Samples were immersed in a modified Fusayama-Meyer artificial saliva (Table 1) at a constant temperature of 37 °C for 30 days (stirred once a day on a digital shaking platform). According to standard ISO 10271 [38], a ratio of 1 cm2 of sample surface area per 10 mL of solution was preserved, and the pH was set at 2.3. After immersion, samples were ultrasonically cleaned in alcohol and air-dried prior to characterization. Released Ni, Cr and Fe ions were measured in duplicates by inductively coupled plasma-optical emission spectroscopy (ICP-OES) in a Horiba Jobin-Yvon Ultima apparatus (Edison, NJ, USA). The average metal release rates (per day and per cm2) during the immersion times were estimated. Uncoated SS316L samples were used as reference.

2.4. In Vitro Cytotoxicity

2.4.1. Cell Cultures

NIH/373 (ATCC® CRL-1658TM) fibroblasts [39] (the most used fibroblasts in biomedicine and pharmacy [40,41]) and Wistar rat peritoneal macrophages (collected in-house as described elsewhere [42]) were incubated in Dulbecco’s Modified Eagle’s Medium (DMEM–Gibco® 1×, 11966-025, ThermoFisher Scientific, Altrincham, UK) supplemented with 5% fetal bovine serum (FBS–Sigma-Aldrich®, F7524, St. Louis, MO, USA), 1% L-glutamine (L-Glutamine 100×, 200 mM, XO55O-100, Biowest, Nuaillé, France, USA), and 1% antibiotics (penicillin and streptomycin, Lonza Pen Srep, Amphotericin, B 100×, 17-745, Lonza Walkersville Inc., Walkersville, MD, USA) at 37 °C, 5% CO2, and 95% humidity (Binder incubator, CB 150, Uster, Switzerland).

2.4.2. Extract Testing

In the present work, the cytotoxicity assays were based upon extract testing, according to ISO 10993-5 [43] and by adapting the protocol developed and followed by Costa et al. [44]. Fibroblasts and macrophages were separately seeded or co-cultured in 48-well flat-bottom plates (Corning Inc Costar®, 3548, Corning, NY, USA) in sterile conditions (flow laminar chamber, Heraeus Holten, HBB 2448, LabExchange, Germany). For both monocultures and co-cultures, a total number of 2.6 × 103 fibroblasts and/or 5 × 104 macrophages per well were used. For controls, 800 µL of culture medium was added to each well, while for the extracts 100 µL of each extract (a-C:5H or a-C:10H) or artificial saliva were used plus 700 µL of complete culture medium, to obtain the same total volume (800 µL). Plates were prepared to be incubated for 3 and 5 days, under the previously described conditions (37 °C, 5% CO2, 95% humidity).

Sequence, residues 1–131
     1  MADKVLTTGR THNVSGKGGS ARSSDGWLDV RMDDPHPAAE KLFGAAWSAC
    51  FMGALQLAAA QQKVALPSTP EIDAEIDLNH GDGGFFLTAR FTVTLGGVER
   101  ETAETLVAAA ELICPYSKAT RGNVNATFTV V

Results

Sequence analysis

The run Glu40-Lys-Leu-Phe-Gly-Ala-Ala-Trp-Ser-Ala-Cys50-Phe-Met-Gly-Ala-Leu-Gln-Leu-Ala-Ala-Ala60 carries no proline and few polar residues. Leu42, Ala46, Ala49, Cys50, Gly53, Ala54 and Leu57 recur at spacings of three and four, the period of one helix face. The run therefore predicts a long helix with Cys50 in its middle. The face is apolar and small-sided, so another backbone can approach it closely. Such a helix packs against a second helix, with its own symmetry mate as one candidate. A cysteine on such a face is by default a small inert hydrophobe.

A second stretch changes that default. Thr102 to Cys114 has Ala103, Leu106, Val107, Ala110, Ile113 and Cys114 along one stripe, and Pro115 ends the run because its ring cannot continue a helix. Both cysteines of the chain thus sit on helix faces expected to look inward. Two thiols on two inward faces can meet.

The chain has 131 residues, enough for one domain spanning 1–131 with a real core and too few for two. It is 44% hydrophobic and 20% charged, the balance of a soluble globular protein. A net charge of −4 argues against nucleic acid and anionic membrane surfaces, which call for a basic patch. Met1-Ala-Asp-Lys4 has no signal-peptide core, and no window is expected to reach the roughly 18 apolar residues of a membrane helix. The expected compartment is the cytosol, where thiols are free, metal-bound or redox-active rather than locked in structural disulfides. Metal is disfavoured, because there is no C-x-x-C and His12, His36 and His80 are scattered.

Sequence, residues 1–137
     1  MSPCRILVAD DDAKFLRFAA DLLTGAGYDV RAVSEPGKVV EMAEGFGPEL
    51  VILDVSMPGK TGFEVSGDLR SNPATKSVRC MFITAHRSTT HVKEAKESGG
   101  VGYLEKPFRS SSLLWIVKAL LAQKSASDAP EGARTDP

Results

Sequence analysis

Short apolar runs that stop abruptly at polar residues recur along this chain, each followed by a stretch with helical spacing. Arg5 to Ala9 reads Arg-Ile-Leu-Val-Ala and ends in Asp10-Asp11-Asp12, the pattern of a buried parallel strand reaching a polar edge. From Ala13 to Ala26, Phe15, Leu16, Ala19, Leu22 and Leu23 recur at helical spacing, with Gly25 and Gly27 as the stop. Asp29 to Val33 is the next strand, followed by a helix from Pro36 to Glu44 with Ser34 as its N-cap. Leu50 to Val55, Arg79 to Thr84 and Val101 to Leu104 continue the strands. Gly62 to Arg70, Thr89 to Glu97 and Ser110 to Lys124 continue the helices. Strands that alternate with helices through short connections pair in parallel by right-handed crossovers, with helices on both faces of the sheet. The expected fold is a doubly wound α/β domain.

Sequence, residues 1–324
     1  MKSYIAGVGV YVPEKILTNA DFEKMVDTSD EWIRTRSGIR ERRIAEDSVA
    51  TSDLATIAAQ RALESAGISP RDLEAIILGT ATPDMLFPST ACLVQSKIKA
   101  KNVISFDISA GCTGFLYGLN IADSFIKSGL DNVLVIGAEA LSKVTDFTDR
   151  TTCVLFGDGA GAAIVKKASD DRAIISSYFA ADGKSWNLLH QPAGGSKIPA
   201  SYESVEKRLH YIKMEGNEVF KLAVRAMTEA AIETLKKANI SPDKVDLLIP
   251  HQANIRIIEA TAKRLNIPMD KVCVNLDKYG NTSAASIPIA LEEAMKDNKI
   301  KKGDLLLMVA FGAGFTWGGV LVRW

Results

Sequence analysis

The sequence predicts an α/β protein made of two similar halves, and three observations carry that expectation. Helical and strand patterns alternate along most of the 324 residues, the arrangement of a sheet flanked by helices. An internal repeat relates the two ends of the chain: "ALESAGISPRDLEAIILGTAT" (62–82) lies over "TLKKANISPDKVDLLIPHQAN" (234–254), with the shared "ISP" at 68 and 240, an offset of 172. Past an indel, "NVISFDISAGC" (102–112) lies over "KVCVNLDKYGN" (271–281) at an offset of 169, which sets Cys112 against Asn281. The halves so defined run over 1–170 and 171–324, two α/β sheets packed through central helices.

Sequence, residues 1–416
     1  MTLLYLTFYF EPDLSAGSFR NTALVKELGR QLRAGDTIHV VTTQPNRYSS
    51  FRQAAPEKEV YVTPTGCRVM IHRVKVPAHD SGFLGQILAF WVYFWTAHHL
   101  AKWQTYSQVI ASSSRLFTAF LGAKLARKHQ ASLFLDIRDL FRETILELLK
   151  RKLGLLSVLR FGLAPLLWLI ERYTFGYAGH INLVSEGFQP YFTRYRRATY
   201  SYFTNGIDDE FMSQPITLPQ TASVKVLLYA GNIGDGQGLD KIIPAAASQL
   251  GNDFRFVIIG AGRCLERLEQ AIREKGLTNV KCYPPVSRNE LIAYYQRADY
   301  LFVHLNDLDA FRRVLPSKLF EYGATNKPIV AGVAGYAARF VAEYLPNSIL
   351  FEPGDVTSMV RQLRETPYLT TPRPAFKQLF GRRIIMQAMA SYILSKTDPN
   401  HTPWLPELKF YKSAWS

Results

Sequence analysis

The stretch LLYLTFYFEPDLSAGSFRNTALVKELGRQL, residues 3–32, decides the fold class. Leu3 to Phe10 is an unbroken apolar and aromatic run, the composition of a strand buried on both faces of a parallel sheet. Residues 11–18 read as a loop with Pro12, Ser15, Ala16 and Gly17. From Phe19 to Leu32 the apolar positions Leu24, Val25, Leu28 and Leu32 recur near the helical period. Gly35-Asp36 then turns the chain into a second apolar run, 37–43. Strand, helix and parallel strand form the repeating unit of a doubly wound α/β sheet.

2.4.3. MTT Assay

After each incubation period, the MTT (3-[4,5-dimethylthiazol-2-yl]-2,5-diphenyltetrazolium bromide) assay was conducted to quantify cellular viability [45]. In aseptic conditions, the content of each well was removed, and 720 µL of fresh complete culture medium and 80 µL of MTT were added. The plates were placed inside the incubator for 4 h in the previously described conditions. Afterwards, the solution of each well was removed, and 800 µL of isopropanol were added to stabilize the formazan crystals for 15 min over (at room temperature over the bench). Finally, the absorbance was measured at 570 nm with a reference filter of 620 nm using a spectrophotometer (Biotek Synergy HT, Winooski, VT, USA). After the MTT test, optical contrast phase microscopy (OPCM) micrographs of fibroblasts provide further insights (AE31 microscope, Motic, with a Moticam Pro 285A, Schertz, TX, USA and software Motic Images Plus 2.0 software).

2.5. Statistical Analysis